Daily Archives: June 9, 2010

Project Kickoff – Step-2 is to hold an effective meeting

The Kickoff Meeting for a new project is your best opportunity to energize the project team and establish a common purpose toward completing the work. A great kickoff is the result of good planning.

After you’ve done your Project Kickoff Meeting prep work (see my previous BLOG titled, Kickoff your project – Step-1 is preparation), you need to plan to actually hold an effective meeting.

I’ve developed a set of tactics that I use to set the tone for the meeting. These items help me stay organized, establish a sense of leadership, and begin moulding the individual project participants into a team. These tips will help you kickoff your next project successfully.

As in any effective meeting, participants are better off when they have a clear understanding of how the meeting will progress. To help team members prepare, I use the following basic agenda for most of my project kickoff meetings.

  • Project description
  • Purpose
  • Goals and Deliverables
  • Project team member introductions
  • Project assumptions
  • Project schedule
  • Key success factors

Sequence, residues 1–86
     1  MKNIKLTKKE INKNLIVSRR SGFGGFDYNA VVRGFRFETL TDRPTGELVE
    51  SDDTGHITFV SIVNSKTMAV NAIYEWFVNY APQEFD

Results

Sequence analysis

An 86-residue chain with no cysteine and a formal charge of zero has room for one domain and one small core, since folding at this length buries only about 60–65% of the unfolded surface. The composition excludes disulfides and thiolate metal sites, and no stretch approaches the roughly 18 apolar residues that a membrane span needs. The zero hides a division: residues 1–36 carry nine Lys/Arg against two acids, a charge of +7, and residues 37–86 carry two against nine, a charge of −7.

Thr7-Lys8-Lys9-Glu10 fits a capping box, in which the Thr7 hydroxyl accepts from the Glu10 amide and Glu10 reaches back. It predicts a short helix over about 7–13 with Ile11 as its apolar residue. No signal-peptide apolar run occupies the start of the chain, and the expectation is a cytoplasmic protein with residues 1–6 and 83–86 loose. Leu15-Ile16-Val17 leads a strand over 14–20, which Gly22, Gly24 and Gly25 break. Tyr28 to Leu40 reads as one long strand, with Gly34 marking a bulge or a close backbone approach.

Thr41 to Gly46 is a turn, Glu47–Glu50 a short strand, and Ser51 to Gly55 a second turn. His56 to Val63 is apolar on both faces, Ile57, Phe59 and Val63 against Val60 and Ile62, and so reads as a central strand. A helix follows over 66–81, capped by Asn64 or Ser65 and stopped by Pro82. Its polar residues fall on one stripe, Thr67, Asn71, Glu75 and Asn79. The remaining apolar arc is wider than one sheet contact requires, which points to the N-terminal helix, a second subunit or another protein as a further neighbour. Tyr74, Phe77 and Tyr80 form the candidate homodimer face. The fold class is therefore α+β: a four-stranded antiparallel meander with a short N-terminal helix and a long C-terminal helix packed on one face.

• Status meetings
  • Other communication vehicles
  • Questions and Answers

The meeting
Keep the meeting flowing and avoid wasting time. Be personable and be upbeat; everyone will enjoy participating more if you take this approach.

Be conscious of people’s time and hold a concise and productive meeting. The best way to do this is to be organized and prepared.

Getting started
Take immediate charge of the meeting. Welcome all participants and don’t forget to introduce yourself. Briefly explain that you’ll walk everyone through the agenda and material and that you’ll leave time for questions at the end.

Define the project, its purpose, and expected goals and deliverables. Now is a good time to reinforce the importance of delivering the project successfully. You might even mention any significant implications to the company if the project is not delivered successfully.

Introduce the project members and briefly discuss the role of each. You want to do this yourself, , , don’t let the team members introduce themselves unless it’s a small meeting. Some of your high detail members like to talk and you don’t that much detail to get the project moving.

You should do most of the talking in this first meeting. The kickoff is intended to bring everyone up to speed, not to discuss every item in detail. Every participant needs to see you taking charge of the meeting agenda.

Presenting the project schedule